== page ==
Leaders may find common ground on religious freedom, but will one see the other's view on hot-button issues?
Religious freedom may be high on the agenda when President Donald J. Trump pays his first visit to Pope Francis at the Vatican next week. It is, after all, one area where the two world leaders can find some common ground.
Neither the U.S. government nor the Vatican has said much about what will be discussed at the May 24 encounter between the pontiff and the new American president, but the White House issued a statement May 4 saying the meeting is to “discuss cooperation between the United States and religious communities in areas of joint concern.”
“Trump will no doubt want some help with the Middle East, since that’s the most neuralgic spot in the world at the moment,” commented Robert Royal, president of the Faith and Reason Institute and editor in chief of The Catholic Thing. “He’s been edging towards ‘safe zones’ there, an idea long spoken of for Syria, etc., that would help stem refugee flows and provide some sort of life for people without the need to flee their own lands and cultures. If so, I expect Francis will still push accepting more refugees and immigrants. That will not go very far, I fear.”
Related to the highly anticipated meeting are reports that Trump will name Callista Gingrich, the wife of former House Speaker Newt Gingrich, as U.S. ambassador to the Holy See. Newt Gingrich confirmed that his wife is “under consideration,” CNN said. The news network confirmed that Callista Gingrich was undergoing a government financial review and added that the White House hopes to announce her nomination before Trump meets with Francis.
In addition, Aleteia has learned, Sam Brownback, the Republican governor of Kansas, may be under consideration for the position of Ambassador-at-Large for International Religious Freedom, an appointment that many Catholics might find appealing. Brownback, a convert to Catholicism, worked on religious liberty issues, particularly in relation to the civil war in Sudan, when he was a U.S. senator from Kansas.
Responding to a question about both potential appointments, a State Department official would only say: “We continue to have a deep bench of experienced career professionals serving in key positions that are highly capable and able to help the Secretary lead the Department and advance U.S. interests worldwide.”
A spokeswoman in the Kansas governor’s office, Melika Willoughby, would not confirm or deny the rumor about Brownback but would only say that he is “focused on his continued efforts to make Kansas the best state in America to raise a family and grow a business.”
The White House did not respond to a request for comment.
Aside from religious liberty, President Trump and Pope Francis may also discuss issues such as immigration and climate change. They are widely believed to be at odds over many of those issues, When the pontiff was returning to Rome from a February 2016 visit to Mexico, he commented that anyone who thinks about building walls without building bridges is not Christian. It was an apparent reference to then-candidate Trump’s promise to build a border wall between the United States and Mexico.
On his flight to Portugal last week, however, Francis said he would withhold his judgment of the president until he meets him in person.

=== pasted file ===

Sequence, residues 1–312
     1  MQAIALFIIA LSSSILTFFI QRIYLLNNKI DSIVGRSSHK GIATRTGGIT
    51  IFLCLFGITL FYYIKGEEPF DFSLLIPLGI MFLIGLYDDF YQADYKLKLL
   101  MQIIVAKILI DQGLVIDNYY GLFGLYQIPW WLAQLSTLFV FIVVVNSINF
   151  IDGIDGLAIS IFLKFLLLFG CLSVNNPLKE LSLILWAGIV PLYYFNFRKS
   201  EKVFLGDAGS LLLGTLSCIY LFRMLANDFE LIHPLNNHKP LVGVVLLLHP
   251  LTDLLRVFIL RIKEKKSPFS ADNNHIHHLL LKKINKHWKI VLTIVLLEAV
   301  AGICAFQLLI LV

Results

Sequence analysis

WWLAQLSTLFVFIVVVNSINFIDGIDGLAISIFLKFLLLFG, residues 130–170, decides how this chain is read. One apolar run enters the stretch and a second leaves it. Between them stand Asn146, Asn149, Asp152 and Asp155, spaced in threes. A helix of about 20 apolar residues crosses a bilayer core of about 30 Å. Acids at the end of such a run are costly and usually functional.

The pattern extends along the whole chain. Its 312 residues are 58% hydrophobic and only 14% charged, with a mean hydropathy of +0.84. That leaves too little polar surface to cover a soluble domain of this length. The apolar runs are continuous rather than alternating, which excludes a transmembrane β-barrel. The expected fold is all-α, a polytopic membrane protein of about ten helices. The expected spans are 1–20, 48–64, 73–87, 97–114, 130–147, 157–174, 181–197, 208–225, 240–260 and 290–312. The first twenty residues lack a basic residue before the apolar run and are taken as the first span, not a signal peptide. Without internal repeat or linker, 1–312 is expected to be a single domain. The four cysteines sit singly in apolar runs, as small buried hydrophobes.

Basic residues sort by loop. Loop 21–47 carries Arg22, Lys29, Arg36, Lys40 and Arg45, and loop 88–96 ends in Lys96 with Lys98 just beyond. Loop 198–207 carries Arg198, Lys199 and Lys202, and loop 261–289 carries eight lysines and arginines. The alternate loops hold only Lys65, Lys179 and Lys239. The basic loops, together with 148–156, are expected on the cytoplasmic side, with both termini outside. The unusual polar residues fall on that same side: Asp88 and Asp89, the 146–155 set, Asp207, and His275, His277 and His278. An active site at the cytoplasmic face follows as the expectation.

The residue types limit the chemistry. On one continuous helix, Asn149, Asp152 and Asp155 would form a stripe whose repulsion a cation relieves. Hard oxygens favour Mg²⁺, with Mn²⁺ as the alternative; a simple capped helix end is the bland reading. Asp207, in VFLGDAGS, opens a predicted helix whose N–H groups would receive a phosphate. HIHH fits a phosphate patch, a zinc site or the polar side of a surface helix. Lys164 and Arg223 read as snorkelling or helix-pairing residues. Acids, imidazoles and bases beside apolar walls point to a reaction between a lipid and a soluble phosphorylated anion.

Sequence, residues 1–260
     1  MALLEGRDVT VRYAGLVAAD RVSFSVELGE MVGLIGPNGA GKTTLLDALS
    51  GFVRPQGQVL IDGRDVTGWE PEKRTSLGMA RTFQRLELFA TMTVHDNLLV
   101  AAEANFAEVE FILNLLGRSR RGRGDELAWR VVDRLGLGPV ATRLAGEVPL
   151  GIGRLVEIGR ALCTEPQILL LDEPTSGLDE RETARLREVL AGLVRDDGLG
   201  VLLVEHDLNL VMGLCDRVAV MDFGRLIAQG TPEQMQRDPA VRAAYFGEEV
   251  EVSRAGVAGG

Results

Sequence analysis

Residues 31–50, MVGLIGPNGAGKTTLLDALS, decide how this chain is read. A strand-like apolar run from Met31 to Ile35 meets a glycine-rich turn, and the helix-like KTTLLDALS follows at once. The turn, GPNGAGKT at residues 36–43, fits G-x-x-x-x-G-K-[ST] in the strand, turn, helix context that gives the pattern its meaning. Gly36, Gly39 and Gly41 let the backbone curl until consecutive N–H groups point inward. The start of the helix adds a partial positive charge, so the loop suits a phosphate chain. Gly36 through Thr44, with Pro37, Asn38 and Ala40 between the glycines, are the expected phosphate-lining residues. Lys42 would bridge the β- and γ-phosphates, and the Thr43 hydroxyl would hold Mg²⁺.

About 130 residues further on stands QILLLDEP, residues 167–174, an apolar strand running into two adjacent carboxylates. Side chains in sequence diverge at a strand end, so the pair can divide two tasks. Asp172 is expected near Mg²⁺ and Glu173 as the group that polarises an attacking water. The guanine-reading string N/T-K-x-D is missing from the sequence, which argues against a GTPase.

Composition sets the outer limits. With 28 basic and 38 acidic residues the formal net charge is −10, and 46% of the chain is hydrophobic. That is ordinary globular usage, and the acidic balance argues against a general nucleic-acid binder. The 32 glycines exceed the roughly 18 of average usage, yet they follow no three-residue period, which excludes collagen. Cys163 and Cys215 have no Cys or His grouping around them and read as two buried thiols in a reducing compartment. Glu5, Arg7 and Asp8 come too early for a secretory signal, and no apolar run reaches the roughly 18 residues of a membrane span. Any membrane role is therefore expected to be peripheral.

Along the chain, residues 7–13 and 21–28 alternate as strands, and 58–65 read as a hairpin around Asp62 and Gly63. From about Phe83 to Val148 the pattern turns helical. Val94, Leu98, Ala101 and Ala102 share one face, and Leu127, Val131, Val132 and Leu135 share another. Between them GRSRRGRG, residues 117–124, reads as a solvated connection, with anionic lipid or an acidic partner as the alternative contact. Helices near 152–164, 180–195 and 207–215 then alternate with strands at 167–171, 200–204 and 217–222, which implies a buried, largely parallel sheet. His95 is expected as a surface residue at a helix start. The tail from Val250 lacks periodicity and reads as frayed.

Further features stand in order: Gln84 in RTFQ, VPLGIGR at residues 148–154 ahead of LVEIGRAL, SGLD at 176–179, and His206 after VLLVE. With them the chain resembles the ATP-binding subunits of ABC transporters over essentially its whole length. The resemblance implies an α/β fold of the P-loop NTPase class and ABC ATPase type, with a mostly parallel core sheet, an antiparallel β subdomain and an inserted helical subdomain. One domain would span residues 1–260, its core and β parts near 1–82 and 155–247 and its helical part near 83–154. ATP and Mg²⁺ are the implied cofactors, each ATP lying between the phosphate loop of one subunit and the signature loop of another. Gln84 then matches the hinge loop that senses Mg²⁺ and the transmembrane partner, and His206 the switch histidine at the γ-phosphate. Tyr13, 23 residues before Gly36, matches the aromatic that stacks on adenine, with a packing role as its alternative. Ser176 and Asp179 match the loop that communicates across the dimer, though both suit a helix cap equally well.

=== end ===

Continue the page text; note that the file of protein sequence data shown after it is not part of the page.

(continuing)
“I never make a judgment of a person without listening to them,” the pope said. “Always there are doors that are not closed. Look for the doors that are at least a little bit open, enter and talk about common things and go on. Step by step. Peace is handcrafted. It is made every day. Also friendship among people, mutual knowledge, esteem, is handcrafted. It’s made every day. Respect the other, say that which one thinks, but with respect, but walk together … someone thinks of one way or the other, but say that …. Be very sincere with what everyone thinks, no?”
In spite of many apparent differences between the two men, Paul Kengor, author of A Pope and a President: John Paul II, Ronald Reagan, and the Extraordinary Untold Story of the 20th Century, said he doesn’t “expect either man to seek out a verbal sparring match.”
“Francis is, frankly, too kind and too winsome to provoke a contentious disagreement,” Kengor said. Rather, he sees the encounter primarily as a get-to-know meeting. “Francis should be pleased and heartened that President Trump—for his first trip abroad—chose to go to the Vatican,” Kengor said. “That’s a significant gesture by Trump and his staff.”
Trump’s stop in the Eternal City, a day before Ascension Thursday, will take place after he visits Saudi Arabia and Israel on his first international journey as president. In recent history, only President Richard M. Nixon met with a pope on his first foreign trip as president. Nixon had an audience with Pope Paul VI at the Vatican in March 1969.
After the Vatican, Trump will attend the NATO summit in Brussels May 25, followed by a gathering of the world’s major economic powers, known as the Group of Seven, meeting in Sicily May 27.
Whether or not the visit to the leader of the world’s 1.2 billion Catholics will do much to engender good will, longtime Church affairs commentator Russell Shaw has doubts that the meeting will have much substantive significance.
“The pope will speak in non-specific terms about welcoming strangers, the president will speak about the importance of religious liberty, with his recent executive order in mind,” said Shaw, author of American Church. “Mainly, they will be sizing each other up. Depending on what each concludes about the other, they might do some real business in the future—but by the same token, they might not. We shall see.”
Added Robert Royal: “I hope Francis talks to Trump about mercy and forgiveness. To me, Trump understands these even less than he does domestic and international affairs.”
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